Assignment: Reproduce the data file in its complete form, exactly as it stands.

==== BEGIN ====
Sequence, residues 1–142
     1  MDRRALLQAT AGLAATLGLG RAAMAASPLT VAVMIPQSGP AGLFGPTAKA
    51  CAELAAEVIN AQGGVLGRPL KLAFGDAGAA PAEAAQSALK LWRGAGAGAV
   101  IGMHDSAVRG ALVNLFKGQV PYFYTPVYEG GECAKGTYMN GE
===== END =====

Sequence, residues 1–142
     1  MDRRALLQAT AGLAATLGLG RAAMAASPLT VAVMIPQSGP AGLFGPTAKA
    51  CAELAAEVIN AQGGVLGRPL KLAFGDAGAA PAEAAQSALK LWRGAGAGAV
   101  IGMHDSAVRG ALVNLFKGQV PYFYTPVYEG GECAKGTYMN GE